Seattleites know the name Dexter Horton. It's the name on the 15-story building at Second Avenue and Cherry Street built in 1924 to honor the founder of the first bank in Seattle. Horton died in 1904 but his family remained valued members of the community. In 1915, Horton’s daughter Rebecca married Samuel Tritheway and they moved into the then-new home at 3260 Lakewood Avenue S in Mount Baker.
Designed by Seattle architect David J. Meyers, former President of the American Institute of Architects, the seven-bedroom residence is a striking example of Tudor Revival architecture and has now entered the market asking $2.695M.
Much has changed since the home was built but the views of Lake Washington and the Cascades from all three levels of this Seattle landmark home remain relatively the same. Also remaining the same are many of the original features still intact, including carved bargeboards, the patterned brick and concrete walkway, and a paneled oak front door with its original oak screen door. The paneling in the living room and dining room is Siberian oak, a tree that has since gone extinct.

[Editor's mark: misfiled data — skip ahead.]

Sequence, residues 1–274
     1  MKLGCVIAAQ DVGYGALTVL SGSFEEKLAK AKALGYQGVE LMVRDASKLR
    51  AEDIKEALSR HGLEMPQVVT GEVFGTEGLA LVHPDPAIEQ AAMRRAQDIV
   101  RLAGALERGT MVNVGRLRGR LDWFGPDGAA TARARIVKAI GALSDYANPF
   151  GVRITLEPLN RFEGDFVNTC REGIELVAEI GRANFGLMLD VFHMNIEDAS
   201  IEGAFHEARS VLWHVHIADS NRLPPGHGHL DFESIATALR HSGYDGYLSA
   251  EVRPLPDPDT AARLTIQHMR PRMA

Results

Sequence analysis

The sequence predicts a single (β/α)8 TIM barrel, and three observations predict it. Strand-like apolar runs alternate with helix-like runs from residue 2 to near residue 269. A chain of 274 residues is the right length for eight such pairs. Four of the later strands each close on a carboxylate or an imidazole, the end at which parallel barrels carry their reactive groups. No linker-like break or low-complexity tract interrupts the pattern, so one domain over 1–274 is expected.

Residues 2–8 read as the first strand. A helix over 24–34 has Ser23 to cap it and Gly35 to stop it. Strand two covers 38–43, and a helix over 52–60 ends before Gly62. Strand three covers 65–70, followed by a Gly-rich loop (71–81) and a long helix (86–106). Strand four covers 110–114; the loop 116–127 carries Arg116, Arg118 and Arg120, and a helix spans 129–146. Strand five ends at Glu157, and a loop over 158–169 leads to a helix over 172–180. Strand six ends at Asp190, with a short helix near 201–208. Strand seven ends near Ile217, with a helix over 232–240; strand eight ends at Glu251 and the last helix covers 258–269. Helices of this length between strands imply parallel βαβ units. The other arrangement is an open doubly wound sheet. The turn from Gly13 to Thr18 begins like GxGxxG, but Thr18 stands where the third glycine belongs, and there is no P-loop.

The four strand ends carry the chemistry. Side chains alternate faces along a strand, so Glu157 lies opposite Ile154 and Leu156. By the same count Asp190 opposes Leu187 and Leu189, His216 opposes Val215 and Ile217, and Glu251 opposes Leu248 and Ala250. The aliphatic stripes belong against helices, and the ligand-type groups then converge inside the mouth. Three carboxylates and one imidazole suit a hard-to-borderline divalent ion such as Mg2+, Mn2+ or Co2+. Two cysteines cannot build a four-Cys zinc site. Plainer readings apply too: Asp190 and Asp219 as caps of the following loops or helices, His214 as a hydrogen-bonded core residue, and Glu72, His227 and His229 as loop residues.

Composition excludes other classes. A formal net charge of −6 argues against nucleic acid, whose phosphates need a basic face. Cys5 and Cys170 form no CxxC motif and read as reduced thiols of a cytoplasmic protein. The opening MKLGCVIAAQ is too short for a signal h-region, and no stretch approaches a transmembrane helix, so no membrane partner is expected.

There have been tons of renovations and upgrades as well. Most recently in 2015 the hardwood ﬂoors on ﬁrst ﬂoor were completely reﬁnished and the basement bonus room was upgraded to include a new bathroom, pantry, and lighting. The kitchen was remodeled in 2012.
You'll also notice the Horton Family Crest in leaded glass included in various windows throughout the house. While many other families have called this place home, the family that helped get Seattle off the ground gets to keep their mark around here. Fair enough.
· 3260 Lakewood Ave S [Windermere]
· Dexter Horton [Wiki]